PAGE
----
Here, in an encapsulated form, is where the 2nd Battalion went and what they did there:
|August 1914||Lebong, India|
|November 1914||Mobilised to be part of 83rd Infantry Brigade, 28th Division, at Winchester.|
|16 January 1915||Landed at Le Havre, France.|
|17 February 1915||Bayonet Charge at Zwartelen|
|21 February 1915||Repulse of Attack near Ypres|
|3 May 1915||Repulse of attack near Zonnebeke|
|8 – 13 May 1915||2nd Battle of Ypres: Battle of Frezenberg|
|8 May 1915||Repulse of attack at Frezenberg|
|25 Sept – 8 Oct 1915||The Battle of Loos|
|November 1915||Embarked for Egypt|
|January 1916||Landed in Macedonia (Salonika)|
|13 October 1916||Capture of Barakli Dzuma|
|March 1917||Battle of Doiran 1917|
|23 June 1917||Raid at Brest|
|25 February 1918||Raid on Bursuk|
|18 September 1918||Battle of Doiran 1918 and advance into Bulgaria.|
|10 November 1918||Moved to Chanak|
|13 March 1919||Reduced to Cadre|
|March 1919||Returned to Tidworth|
|July 1919||Disbanded and reformed|
Those who have little knowledge of WW1 will still have heard of some of these battles, because they were the sites of vast bloodshed. Two in particular stand out: Ypres and Loos.
Ypres – you will have seen on television the recent excavations of battle trenches near this town in Belgium; English soldiers gave Ypres the name Wipers. Eeepr – can you imagine an Eastcheap cockney coping with that? The first battle of Wipers was a huge battle that lasted weeks, and then just died away. Hundreds of thousands of men (on both sides) were killed by machine guns and huge field guns that pounded the town and everything around it. Not a yard of ground was gained or lost. Then there was the second battle of Wipers. Same result. Then there was the third battle of Wipers, usually called Paschendale, being the name of a ridge that the armies fought over. There were half a million casualties. A huge memorial was built there, called the Menin Gate. It is the gateway into Ypres and has the names of 64,000 men whose bodies were never found. Those names filled the Gate, and the overflow of 8,373 men were written on tall tablets on the Tyne Cott memorial a few kilometres from Ypres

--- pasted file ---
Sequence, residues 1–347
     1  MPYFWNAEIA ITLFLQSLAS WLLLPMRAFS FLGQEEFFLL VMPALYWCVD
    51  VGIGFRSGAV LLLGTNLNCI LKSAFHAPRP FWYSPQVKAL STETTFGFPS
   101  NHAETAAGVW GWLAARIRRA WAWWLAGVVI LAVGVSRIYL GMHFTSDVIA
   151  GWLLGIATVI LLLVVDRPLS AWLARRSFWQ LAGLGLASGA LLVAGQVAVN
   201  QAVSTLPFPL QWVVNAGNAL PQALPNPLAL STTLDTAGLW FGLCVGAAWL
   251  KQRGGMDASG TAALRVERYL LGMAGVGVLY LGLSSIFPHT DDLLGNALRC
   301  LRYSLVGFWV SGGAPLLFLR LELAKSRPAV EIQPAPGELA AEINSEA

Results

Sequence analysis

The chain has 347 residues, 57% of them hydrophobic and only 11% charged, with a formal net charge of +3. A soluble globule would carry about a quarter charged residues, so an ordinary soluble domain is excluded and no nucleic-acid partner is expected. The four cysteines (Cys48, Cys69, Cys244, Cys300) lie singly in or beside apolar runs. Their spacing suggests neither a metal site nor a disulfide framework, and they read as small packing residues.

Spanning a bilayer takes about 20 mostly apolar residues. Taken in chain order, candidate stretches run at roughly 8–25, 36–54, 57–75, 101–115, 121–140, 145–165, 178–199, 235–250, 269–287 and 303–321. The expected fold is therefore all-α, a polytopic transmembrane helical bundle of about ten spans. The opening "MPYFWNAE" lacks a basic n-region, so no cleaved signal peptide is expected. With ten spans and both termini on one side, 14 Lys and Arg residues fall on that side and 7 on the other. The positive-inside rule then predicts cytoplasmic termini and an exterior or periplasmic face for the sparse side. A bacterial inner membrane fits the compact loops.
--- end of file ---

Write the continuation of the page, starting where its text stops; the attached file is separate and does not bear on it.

The battle of Loos is described in detail by the Western Front Association: www.westernfrontassociation.com but suffice it to say that 75,000 British soldiers were involved, and that it marked the first time that the British army used poison gas. Samuel was involved in all its horrors from trenches on and near the front line. That is where the 2nd Battalion always was.
From January 1916, when Samuel landed in Macedonia, until he finally left Turkey, the 2nd Battalion King’s Own Regiment fought the battles that lead to the end of the Ottoman Empire. Chanak on 10 November 1918 refers to the surrender of Constantinople, and Turkey with it. The following day, 11 November 1918, the Germans surrendered. These days we call it Armistice Day. Samuel H and others of the 2nd Battalion, as members of the British Army, marched into Constantinople, to keep the newly-declared peace and to start the process of delivering the war-torn world back to the politicians.
It was necessary to outline these events to show that Samuel was there when WW1 started, and he was still standing when it ended. There is, in the King’s Own Regiment Museum, a photo of Lt Samuel Tearle taken with a group in Salonika. Samuel’s medal card is most interesting to study because it is, in a highly condensed form, the story of his life in WW1. Firstly, there is a big red stamp 1914-15. There is his name TEARLE, Samuel Hugh, then the Corps: Royal Lancashire Regiment. Rank – sergeant, and his regimental number – 10220. This means that in 1914, when the war started, Samuel was already a sergeant. There is no date given, but in blue there is recorded Lt and a red pen note saying comm’d, meaning commissioned. He had been made a full lieutenant, not just an acting one. The medal record goes on to say the THEATRE OF WAR was France. The official landing date of the 28th Division was 16 January 1915. Samuel was awarded the 1914-15 Star, for being in the war from that date, as well as the Victory Medal and the British Star. Interesting, also, is his address:
38 Cedar Terrace, Lancaster Gate, W.2.
Lancaster Gate is a handsome, stone-faced, multi-storey, 19th Century development in London, part of which borders Hyde Park.
It would be informative to see the Service Record for Samuel Hugh but it has never surfaced, and as a result, there is no record of how and when he left the army, but a note in the London Gazette of 10 February 1919 announces he was temporarily made a captain whilst he operated as an adjutant. That is a very good rank indeed, even more so because he rose to it from starting as a mere private.